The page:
If You Spot A Button On The Floor Of An Old Home, This Is What It's There For

Little mysteries in old homes add a bit of magic to your day if you're lucky to live in a house with history. There can be plenty of fun and bizarre features in old homes. It's not hard to figure out the purpose of some outdated fixtures like milk delivery doors, coal chutes, or push-button light switches. Yet, there are some quirky gadgets whose purposes don't immediately come to mind, especially when they were intended for things that are no longer part of daily life today.

If your home is the kind that needed servants in the past, you may have spotted a curious button on your floor. A button or even an unexplained hole in the middle of your floor is likely the remnants of a servant bell, according to real estate expert Joe Himali. These buttons even show up in former homes of less wealthy folk, too. If yours still works, then you've hit the jackpot!

What were these buttons for?

Fans of shows like "Downton Abbey" may remember the panel of servant bells in the kitchen that lets the staff know who needs what in various parts of the manor. The button on your floor is a more modest version of that. If your house has one, a servants' button will most likely be built into the floor of what is or was the dining room. It's common to find these in late Victorian-style houses and houses or apartments built in the first two decades of the 1900s.

The button itself is part of a call system. Pressing this secret button with your foot supposedly sent an electric signal to a bell in the servants' area. Modern homeowners speculate that button would be situated under the dining table, often under a rug for extra discretion, so that the head of the family could effortlessly call for the servants to bring the next course of the meal.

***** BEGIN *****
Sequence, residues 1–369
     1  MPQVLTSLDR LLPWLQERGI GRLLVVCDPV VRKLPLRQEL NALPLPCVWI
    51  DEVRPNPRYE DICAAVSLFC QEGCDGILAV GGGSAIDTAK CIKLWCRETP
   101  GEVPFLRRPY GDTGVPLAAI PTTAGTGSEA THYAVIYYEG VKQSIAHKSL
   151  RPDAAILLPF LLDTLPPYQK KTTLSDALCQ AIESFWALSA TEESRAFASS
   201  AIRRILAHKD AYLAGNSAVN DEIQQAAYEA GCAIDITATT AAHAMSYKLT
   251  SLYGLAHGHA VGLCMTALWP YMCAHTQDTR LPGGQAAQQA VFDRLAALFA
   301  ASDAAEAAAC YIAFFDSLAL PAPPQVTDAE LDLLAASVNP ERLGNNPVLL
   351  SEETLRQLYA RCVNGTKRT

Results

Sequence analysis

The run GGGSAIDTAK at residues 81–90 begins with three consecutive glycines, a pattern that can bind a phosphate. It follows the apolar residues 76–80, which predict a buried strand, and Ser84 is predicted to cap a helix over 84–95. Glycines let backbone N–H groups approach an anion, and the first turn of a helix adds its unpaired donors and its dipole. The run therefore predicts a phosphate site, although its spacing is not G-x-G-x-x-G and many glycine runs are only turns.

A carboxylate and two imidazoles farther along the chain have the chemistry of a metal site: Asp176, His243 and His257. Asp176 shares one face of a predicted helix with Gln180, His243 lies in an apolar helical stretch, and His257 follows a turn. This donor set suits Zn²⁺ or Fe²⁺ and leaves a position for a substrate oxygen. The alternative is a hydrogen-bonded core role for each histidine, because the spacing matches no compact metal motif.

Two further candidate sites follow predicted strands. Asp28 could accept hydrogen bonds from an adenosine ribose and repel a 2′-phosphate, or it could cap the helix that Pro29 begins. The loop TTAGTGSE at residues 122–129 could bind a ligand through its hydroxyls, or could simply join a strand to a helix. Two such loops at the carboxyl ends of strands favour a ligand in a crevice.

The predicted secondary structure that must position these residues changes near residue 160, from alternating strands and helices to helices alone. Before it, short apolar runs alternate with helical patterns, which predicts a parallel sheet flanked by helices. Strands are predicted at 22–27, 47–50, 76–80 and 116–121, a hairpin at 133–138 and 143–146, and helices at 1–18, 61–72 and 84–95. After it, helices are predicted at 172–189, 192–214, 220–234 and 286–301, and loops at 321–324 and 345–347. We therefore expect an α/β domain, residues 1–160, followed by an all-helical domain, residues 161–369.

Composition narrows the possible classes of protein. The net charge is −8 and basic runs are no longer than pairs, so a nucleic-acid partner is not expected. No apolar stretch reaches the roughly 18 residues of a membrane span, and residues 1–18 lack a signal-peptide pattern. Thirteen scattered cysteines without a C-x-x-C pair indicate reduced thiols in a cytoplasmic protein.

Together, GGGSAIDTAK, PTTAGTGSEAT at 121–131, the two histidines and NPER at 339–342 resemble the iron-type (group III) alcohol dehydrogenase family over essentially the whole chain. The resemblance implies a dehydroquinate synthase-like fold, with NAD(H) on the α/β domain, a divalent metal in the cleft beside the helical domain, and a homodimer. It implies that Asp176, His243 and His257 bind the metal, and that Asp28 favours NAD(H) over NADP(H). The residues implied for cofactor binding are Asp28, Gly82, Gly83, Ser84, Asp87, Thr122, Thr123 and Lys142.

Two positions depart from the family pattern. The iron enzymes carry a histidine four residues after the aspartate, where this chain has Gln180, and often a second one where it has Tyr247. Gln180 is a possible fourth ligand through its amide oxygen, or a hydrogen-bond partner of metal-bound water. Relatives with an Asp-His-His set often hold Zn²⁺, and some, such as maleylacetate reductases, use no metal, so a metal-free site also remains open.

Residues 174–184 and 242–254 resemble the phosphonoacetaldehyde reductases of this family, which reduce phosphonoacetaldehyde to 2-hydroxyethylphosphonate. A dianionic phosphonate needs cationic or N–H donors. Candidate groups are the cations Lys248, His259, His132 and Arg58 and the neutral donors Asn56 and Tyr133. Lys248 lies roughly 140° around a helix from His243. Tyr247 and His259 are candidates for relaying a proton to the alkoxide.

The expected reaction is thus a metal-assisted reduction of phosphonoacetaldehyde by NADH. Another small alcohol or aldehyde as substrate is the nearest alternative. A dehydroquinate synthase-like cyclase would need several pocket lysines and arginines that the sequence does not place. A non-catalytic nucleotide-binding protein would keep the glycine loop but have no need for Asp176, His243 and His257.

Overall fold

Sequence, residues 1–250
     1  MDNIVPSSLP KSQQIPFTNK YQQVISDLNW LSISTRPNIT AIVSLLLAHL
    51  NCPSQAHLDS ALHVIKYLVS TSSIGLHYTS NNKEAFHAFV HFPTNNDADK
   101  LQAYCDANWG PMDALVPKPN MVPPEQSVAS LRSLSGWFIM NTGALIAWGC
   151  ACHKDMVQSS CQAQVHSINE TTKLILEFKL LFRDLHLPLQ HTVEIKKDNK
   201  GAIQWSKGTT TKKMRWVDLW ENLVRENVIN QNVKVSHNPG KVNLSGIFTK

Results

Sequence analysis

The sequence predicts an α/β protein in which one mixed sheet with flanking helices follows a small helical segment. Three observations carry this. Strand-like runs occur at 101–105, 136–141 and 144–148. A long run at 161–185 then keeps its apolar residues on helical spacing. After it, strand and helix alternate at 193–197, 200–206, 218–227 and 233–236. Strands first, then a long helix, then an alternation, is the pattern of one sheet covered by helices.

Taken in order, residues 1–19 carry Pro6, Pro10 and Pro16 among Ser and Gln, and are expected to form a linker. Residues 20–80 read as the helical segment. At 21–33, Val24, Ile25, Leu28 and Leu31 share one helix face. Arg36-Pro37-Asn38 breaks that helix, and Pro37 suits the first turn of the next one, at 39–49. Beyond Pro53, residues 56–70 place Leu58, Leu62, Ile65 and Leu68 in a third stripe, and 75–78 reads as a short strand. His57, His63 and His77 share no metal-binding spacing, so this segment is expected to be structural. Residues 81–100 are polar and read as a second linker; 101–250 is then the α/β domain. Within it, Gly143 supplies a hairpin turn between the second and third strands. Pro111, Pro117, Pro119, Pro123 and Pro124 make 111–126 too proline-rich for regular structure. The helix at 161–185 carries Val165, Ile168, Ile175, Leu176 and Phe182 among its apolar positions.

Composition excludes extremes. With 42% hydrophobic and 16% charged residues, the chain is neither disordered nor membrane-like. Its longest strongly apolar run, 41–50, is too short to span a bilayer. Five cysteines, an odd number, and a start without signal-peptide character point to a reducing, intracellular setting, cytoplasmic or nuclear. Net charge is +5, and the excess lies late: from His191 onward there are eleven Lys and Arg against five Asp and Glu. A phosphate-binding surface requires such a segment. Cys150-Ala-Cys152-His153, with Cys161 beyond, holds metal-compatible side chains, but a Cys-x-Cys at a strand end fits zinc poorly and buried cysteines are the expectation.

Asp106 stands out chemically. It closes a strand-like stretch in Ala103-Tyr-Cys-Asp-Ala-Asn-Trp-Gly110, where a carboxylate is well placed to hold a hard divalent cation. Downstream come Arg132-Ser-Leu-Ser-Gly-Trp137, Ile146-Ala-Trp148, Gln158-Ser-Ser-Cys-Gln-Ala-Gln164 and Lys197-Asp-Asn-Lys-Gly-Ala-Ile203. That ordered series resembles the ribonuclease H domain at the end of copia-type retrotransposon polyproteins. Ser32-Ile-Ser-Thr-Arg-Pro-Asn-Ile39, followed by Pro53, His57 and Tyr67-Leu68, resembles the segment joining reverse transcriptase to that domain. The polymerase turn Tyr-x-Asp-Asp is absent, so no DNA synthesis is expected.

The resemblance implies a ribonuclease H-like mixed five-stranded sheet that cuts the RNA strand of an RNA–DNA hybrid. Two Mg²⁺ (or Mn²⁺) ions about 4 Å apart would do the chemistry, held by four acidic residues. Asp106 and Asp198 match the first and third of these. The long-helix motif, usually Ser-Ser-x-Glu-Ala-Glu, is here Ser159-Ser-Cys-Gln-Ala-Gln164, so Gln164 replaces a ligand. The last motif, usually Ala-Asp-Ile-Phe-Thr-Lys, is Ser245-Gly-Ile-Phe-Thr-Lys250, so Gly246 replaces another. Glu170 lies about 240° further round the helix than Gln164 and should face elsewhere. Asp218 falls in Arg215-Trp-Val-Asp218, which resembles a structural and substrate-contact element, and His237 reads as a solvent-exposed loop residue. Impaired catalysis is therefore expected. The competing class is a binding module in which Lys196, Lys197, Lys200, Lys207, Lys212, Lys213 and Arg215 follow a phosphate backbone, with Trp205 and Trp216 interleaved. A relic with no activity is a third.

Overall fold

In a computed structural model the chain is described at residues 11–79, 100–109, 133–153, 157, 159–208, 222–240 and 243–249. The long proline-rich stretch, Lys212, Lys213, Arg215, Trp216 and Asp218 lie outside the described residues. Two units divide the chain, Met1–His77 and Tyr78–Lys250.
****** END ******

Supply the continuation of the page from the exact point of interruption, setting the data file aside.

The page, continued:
There's not a lot of official information available about these features, but community forums are packed with stories, speculation, pictures, and videos of what homeowners have discovered in their rooms. Some contributors share that they have found these buttons on the floor of their bedrooms and other rooms of their homes.

A short history of the annunciator

Historian Abigail Stewart is a fountain of information on the obscure subject of servant call systems. An expert on historical architecture and the former Research and Interpretation Specialist of The Preservation Society of Newport County, Stewart explained to Curbed that these historical touches were known as "annunciators," an updated version of a system popular with wealthy Brits in the 1700s. This innovation made its debut in Chicago hotels in the late 19th century. The annunciator's convenience and novelty quickly caught on with the wealthy in other parts of the country.

You can see well-preserved examples of electric annunciators in lavish homes of the past. Especially on the East Coast, there are many historic homes that feature this curious technology. You can visit the Vanderbilt family's 1895 Rhode Island estate The Breakers and Henry Clay Frick's New York City mansion-turned-museum The Frick Collection to see examples of this luxury phenomenon.